THE PESO weakened against the greenback on Wednesday, even as it breached the P51 level intraday, as market players awaited the release of US inflation data.
The local currency ended yesterday’s session at P52.13 versus the greenback, 5.5 centavos weaker than the P52.075-per-dollar finish last Tuesday.
The peso opened the session stronger at P51.96 per dollar, reaching to as high as P51.90 intraday. On the other hand, its worst showing stood at P52.17 against the US currency.
Trading volume slid to $1.098 billion from the $1.165 billion that switched hands the previous day.
A foreign exchange trader said the peso continued to swing sharply as it traded strongly in the morning session.
“We saw the market pushed the peso lower during the morning session, but in the afternoon, we saw inflows from corporations, pushing the peso to a high of P52.17,” the trader said in a phone interview.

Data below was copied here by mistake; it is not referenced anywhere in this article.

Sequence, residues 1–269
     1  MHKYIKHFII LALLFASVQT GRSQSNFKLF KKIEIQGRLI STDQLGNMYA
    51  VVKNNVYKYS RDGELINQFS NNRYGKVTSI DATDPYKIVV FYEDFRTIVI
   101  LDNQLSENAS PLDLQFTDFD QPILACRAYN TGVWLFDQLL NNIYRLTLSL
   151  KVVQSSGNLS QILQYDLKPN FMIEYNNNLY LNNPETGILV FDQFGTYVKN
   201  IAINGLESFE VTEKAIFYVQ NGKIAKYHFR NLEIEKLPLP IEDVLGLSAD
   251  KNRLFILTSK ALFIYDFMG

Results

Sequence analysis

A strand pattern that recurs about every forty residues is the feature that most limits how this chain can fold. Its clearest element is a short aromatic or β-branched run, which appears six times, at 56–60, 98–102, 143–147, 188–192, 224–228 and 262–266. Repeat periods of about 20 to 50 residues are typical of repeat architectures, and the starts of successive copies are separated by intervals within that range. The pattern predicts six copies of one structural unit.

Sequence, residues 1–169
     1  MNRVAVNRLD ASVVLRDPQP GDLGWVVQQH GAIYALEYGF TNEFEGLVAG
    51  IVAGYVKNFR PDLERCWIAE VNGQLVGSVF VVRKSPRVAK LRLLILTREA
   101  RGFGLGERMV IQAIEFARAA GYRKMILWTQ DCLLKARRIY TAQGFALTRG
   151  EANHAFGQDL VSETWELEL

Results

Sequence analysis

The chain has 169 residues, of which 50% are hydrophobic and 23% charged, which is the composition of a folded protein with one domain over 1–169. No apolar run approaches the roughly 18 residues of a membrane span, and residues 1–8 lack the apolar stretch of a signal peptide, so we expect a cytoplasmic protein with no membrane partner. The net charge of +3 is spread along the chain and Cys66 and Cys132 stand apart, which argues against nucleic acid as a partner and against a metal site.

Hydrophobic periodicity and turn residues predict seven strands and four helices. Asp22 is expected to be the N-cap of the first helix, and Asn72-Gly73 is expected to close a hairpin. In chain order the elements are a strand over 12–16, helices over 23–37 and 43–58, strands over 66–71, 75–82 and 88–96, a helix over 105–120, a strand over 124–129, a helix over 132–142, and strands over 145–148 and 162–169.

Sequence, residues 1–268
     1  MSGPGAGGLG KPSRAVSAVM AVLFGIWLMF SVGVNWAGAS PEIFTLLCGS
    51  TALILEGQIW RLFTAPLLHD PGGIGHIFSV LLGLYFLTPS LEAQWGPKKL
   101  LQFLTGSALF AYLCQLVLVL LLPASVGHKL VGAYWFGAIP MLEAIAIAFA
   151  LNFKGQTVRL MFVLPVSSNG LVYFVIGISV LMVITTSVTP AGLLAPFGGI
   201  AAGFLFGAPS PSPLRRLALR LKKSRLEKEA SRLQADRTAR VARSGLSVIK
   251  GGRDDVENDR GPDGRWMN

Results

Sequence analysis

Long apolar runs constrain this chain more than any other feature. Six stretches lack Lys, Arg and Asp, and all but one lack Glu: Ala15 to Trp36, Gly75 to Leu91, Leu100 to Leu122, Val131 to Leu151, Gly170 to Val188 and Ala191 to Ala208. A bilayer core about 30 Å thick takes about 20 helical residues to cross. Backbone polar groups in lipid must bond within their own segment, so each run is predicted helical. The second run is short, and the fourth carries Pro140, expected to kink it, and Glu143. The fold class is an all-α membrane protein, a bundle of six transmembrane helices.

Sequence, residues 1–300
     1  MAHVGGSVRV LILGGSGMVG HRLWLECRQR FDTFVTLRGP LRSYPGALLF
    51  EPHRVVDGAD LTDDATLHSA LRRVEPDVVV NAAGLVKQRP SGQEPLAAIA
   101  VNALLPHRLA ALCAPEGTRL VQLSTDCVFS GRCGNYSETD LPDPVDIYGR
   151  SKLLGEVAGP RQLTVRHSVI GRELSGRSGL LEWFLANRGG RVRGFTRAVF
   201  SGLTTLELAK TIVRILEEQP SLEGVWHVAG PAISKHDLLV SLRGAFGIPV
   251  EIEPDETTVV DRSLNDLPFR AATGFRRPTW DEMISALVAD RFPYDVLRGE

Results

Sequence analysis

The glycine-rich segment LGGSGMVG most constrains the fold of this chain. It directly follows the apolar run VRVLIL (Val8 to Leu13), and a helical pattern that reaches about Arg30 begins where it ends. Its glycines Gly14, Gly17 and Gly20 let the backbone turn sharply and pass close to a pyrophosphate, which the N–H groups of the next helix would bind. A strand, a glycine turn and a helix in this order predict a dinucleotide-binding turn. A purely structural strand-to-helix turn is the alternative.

Another trader said the local unit depreciated as local players positioned ahead of the release of US inflation data.
The consumer price index (CPI) in the US is expected to decelerate in January amid absence of inflationary pressures.
In a note, financial giant Morgan Stanley said that falling oil prices should “continue to weigh on the energy category,” where prices are expected to decline by 1.8%.
“Projections show that US CPI is likely to indicate softer readings but the market is still uncertain as the data is seen either to confirm or contradict the Federal Reserve’s assessment on the US economy during its latest meeting,” the second trader added.
While the dollar strengthened slightly against the peso, it edged lower against its peers on Wednesday as upbeat expectations on the US-China trade deal prompted investors to put money into riskier currencies, Reuters reported.
US and Chinese officials are set to meet this week in Beijing in hopes to strike a trade deal before the March 1 deadline of its 90-day truce.
For today, the second trader expects the peso to trade between P52 and P52.20, while the other gave a wider range of P52 and P52.40. — Karl Angelo N. Vidal